Safe and Sound

ENT

COLORADO SPRING, CO
5
Star Rating
ENT is an NCUA-insured credit union started in 1957 and currently based in COLORADO SPRING, CO. Regulatory filings show the credit union having assets of $5.05 billion, as of December 31, 2017.

Members have $3.99 billion on deposit tended by 714 full-time employees. With that footprint, the credit union holds loans and leases worth $3.99 billion. Its 304,172 members currently have $4.22 billion in shares with the credit union.

Overall, Bankrate believes that, as of December 31, 2017, ENT exhibited a superior condition, earning a full 5 stars for safety and soundness. Here's a breakdown of how the credit union did on the three important criteria Bankrate used to score American credit unions on safety and soundness.

WHAT IS
SAFE AND SOUND?

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THE INSTITUTION'S SCORE

Capital Score

Capital is a key measurement of a credit union's financial fortitude. It acts as a bulwark against losses and affords protection for members when a credit union is experiencing financial instability. When looking at safety and soundness, the more capital, the better.

ENT scored above the national average of 15.65 points on our test to measure capital adequacy, achieving a score of 16 out of a possible 30 points.

ENT had a capitalization ratio of 16.00 percent in our test, equal to the average for all credit unions, suggesting that it's running neck and neck with its peers.

Asset Quality Score

In this test, Bankrate tries to determine the effect of troubled assets, such as unpaid mortgages, on the credit union's reserves set aside to cover loan losses, as well as overall capitalization.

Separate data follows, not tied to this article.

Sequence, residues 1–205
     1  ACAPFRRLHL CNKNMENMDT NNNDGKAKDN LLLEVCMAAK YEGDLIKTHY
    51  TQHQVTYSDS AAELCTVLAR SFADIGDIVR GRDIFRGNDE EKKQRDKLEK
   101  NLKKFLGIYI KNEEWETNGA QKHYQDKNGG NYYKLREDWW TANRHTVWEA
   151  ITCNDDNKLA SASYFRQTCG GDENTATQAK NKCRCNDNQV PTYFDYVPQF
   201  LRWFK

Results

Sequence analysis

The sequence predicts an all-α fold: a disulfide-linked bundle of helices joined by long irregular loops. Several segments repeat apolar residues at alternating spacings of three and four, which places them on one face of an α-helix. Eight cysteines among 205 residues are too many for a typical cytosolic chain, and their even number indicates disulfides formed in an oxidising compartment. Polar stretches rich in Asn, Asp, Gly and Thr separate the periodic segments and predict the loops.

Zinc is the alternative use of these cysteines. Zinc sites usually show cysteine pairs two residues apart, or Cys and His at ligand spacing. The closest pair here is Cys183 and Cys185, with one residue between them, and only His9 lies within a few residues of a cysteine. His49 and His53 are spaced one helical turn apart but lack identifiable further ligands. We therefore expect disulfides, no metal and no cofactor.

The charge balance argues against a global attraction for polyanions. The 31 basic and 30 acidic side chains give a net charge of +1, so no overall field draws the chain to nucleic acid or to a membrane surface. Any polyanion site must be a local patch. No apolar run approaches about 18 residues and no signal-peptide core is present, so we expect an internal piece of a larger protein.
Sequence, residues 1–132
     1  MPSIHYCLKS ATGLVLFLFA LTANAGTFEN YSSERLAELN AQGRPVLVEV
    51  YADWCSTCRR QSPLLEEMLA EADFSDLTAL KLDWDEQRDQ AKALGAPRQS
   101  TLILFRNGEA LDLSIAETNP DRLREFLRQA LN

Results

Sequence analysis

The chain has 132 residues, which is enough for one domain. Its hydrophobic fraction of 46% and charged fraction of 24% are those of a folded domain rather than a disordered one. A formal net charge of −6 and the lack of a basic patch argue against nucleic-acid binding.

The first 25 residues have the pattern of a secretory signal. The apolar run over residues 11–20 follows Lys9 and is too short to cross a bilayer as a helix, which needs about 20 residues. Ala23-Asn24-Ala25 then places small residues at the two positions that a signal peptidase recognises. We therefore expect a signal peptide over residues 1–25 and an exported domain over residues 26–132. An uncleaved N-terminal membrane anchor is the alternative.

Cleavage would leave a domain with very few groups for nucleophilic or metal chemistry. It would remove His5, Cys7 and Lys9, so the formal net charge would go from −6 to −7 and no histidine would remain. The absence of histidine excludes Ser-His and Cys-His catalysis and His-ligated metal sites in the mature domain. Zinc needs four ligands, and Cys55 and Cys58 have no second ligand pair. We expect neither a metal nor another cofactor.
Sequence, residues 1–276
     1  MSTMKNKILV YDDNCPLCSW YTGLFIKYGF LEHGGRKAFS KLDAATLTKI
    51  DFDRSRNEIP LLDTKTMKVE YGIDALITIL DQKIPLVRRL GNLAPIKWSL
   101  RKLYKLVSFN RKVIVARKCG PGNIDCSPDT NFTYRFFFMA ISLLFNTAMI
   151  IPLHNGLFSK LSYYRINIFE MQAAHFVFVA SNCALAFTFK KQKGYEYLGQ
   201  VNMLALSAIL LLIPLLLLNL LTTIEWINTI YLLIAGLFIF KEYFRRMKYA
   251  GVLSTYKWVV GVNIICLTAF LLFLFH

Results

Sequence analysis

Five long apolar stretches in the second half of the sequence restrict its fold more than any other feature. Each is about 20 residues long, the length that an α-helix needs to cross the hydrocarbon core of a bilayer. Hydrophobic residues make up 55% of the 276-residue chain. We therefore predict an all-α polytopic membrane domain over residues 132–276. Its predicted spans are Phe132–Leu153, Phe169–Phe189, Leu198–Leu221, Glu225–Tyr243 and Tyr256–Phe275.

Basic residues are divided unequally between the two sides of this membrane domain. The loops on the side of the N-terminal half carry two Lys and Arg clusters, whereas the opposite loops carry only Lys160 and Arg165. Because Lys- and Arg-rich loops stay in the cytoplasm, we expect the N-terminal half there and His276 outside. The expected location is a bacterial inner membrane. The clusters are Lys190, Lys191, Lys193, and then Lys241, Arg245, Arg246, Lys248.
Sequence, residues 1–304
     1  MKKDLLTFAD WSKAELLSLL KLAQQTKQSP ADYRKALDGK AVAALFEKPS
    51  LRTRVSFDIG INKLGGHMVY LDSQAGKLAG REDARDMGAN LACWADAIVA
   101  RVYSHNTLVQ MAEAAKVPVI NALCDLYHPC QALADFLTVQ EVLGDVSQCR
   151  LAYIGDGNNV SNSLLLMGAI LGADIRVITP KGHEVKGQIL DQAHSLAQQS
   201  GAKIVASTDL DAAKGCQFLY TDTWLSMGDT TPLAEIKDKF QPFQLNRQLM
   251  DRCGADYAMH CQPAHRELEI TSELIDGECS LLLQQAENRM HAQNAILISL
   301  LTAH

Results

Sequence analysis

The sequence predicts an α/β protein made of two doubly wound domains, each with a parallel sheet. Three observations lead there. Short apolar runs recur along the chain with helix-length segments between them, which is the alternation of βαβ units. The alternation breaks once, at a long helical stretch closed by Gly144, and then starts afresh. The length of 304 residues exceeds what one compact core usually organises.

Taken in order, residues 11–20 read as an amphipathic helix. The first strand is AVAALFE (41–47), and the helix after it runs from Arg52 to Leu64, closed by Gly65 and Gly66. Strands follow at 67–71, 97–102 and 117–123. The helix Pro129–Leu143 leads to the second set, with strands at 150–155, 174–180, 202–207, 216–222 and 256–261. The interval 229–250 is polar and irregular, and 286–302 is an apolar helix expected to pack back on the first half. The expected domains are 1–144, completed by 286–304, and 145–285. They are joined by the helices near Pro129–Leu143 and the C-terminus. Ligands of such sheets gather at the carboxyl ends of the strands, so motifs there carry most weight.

Having extensive holdings of these kinds of assets could eventually force a credit union to use capital to absorb losses, cutting down on its equity cushion. It also means that there are likely to be many assets that are in non-accrual status and thus aren't earning money, resulting in diminished earnings and potentially more risk of a failure in the future.

ENT scored 40 out of a possible 40 points on Bankrate's asset quality test, beating out the national average of 38.09.

The credit union's ratio of troubled assets was 0.00 percent in our test, below the national average and suggestive of superior financial strength compared to other credit unions.

Earnings score

How successful a credit union is at earning money affects its long-term survivability. A credit union can retain its earnings, expanding its capital buffer, or use them to address problematic loans, potentially making the credit union better able to withstand financial shocks. Conversely, losses reduce a credit union's ability to do those things.

On Bankrate's test of earnings, ENT scored 18 out of a possible 30, exceeding the national average of 10.11.

One indication that ENT is running ahead of its peers in this area was its earnings ratio of 0.00 percent in our test, higher than the average for all credit unions.

WHAT IS SAFE & SOUND?

Bankrate.com's Safe & Sound Ratings provide a star rating system to evaluate the current financial status of financial institutions. The information gathered about banks, credit unions and thrifts is updated as set forth in the Terms of Use of Safe & Sound Ratings and Reports. The Safe & Sound Ratings information is grouped by categories of banks, thrifts and credit unions.

Scoring methodology

Bankrate.com evaluates the financial condition of institutions and assigns a one- to five-star rating for each with five stars representing the highest rating. Institutions with satisfactory performance will generally receive a rating of three or more stars. The majority of institutions fall into the three- to four-star range. An institution with an "NR" rating may be too new to rate or may have limited the publicly available information in their regulatory filings. The "NR" is not an indication of financial strength or weakness. The Safe & Sound rating is believed to be reliable, but the information is not guaranteed. In addition, events since the information was collected may have altered the institution's financial condition.